After the frantic word count goal of November, for those of us who participated in National Novel Writing Month, December is a strangely quiet month. No longer are we racing home after work to write those elusive 1667 words for the day’s total, and hoping to exceed them. We miss the rush, the excitement, even the panic. Initially, we feel relief, then goalless and at odds with ourselves. Now, we are floating in an undisciplined mode, unable to feel comfortable – that impetuous has gone.
We all know a goal is a good thing to have. It aids our making a deadline for publisher demands, editing and revising or any self imposed goal, whether for our writing or something else. So, what is the answer? Well, we have options:
1. Continue with our NaNo project and complete the novel.
2. Leave the project to ‘rest’ or percolate until the ending, plot arc, story line etc. solidifies in your mind (if it hasn’t already.)
3. Edit and revise what you have written. We all know it will need this at some point.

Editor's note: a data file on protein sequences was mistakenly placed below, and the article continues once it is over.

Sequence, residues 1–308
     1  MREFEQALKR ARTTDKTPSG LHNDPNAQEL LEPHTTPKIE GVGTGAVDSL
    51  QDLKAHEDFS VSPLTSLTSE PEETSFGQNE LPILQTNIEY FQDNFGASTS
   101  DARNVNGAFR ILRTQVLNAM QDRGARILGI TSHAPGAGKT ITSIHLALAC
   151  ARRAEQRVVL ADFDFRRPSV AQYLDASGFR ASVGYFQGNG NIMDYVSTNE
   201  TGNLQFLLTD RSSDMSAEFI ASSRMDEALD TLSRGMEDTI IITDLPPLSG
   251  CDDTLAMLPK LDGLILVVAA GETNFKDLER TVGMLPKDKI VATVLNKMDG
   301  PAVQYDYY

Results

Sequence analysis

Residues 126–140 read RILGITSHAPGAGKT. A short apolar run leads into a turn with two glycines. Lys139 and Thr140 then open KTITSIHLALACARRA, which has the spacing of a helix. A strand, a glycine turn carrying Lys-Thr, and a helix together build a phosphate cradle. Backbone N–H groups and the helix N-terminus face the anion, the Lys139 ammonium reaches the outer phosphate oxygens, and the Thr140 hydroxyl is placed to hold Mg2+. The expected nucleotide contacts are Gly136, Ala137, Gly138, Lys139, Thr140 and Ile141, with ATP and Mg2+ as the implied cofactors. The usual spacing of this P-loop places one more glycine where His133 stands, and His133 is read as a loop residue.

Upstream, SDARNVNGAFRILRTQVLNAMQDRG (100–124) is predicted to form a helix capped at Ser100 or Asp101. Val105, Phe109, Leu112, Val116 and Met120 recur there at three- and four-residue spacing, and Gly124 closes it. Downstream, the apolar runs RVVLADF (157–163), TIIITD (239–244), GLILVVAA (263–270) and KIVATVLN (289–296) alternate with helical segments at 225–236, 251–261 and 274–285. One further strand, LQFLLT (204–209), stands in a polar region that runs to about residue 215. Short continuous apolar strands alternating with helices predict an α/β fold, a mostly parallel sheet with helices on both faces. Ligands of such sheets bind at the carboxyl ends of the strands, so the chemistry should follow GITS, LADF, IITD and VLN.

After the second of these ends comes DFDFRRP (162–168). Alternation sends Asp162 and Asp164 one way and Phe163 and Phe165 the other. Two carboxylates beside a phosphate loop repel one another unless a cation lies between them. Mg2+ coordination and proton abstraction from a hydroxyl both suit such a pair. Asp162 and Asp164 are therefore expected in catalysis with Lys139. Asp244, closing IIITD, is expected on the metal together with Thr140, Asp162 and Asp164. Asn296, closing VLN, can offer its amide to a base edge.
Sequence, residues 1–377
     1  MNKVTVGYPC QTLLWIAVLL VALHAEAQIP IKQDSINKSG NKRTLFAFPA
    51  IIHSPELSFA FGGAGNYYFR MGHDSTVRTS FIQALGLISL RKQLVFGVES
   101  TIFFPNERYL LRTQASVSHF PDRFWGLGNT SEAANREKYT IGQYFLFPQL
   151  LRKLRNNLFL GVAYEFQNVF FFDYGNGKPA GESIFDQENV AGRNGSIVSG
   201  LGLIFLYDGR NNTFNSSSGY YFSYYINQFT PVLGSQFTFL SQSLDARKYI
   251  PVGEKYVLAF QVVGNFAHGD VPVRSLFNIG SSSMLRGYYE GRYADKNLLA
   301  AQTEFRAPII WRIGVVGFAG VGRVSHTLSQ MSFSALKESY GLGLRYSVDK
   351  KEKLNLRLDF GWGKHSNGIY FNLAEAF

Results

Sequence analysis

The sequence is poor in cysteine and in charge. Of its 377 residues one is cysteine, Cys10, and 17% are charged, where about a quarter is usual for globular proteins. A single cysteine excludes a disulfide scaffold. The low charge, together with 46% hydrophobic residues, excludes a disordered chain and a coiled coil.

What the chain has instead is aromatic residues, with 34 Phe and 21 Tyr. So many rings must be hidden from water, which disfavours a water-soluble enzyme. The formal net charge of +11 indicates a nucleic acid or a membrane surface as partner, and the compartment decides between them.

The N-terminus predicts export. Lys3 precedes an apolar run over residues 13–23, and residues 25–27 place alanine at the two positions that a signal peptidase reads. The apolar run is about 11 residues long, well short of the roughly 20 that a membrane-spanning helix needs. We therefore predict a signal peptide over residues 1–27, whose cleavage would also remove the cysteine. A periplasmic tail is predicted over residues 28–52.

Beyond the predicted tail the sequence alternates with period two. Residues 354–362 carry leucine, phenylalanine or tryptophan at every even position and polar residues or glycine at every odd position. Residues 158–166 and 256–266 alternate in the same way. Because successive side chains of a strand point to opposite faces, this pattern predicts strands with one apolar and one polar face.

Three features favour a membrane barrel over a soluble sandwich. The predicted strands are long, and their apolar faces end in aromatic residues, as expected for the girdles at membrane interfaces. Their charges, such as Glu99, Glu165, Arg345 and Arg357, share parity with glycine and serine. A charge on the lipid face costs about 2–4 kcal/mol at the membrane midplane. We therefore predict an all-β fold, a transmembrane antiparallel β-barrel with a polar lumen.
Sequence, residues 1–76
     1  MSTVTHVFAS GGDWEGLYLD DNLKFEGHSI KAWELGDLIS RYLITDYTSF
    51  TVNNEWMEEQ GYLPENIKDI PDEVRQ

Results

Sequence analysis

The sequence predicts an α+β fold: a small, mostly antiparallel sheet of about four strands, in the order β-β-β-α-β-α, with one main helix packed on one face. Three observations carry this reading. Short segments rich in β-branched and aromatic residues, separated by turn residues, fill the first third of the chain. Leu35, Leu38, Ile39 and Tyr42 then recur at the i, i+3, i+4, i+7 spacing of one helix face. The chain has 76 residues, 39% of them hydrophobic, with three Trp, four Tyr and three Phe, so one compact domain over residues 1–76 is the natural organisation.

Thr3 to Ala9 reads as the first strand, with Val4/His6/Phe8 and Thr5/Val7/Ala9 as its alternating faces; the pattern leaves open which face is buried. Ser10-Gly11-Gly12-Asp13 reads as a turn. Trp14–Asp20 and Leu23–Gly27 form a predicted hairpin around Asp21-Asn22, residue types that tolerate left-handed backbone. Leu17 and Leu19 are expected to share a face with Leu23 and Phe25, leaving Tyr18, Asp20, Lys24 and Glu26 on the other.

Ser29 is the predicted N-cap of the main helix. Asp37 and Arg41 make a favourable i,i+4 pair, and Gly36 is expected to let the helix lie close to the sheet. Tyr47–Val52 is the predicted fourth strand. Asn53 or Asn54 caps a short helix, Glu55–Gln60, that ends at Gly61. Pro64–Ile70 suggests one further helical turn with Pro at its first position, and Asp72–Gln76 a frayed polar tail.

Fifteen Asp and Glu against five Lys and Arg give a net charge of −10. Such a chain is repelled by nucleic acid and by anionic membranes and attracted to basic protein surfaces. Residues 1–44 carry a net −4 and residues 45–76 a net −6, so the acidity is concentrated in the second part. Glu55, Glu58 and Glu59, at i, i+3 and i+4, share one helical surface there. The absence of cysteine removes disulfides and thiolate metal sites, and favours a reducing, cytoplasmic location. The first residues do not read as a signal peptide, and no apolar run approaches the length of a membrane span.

4. Begin another project, or return to another unfinished one.
5. Take a break from writing. Delve into the season’s festivities.
No matter which course you take, do what is best for you. Struggling to complete a writing project, when the holidays are approaching and you have other commitments, is not the way to go. Your project will be there waiting for you.
We all know the saying ‘you can’t judge a book by its cover’ – however, it is the cover that initially attracts a reader to pick up our book. Choosing the ‘correct’ colour for your book cover can be difficult, as it will subconsciously give an impression of the genre/topic/trope of your story. We might look into the typical colours used for a genre, or go with our gut feeling and pick a colour we feel is ‘right’ for our narrative. No matter which avenue you choose all covers are an extension of us and our stories.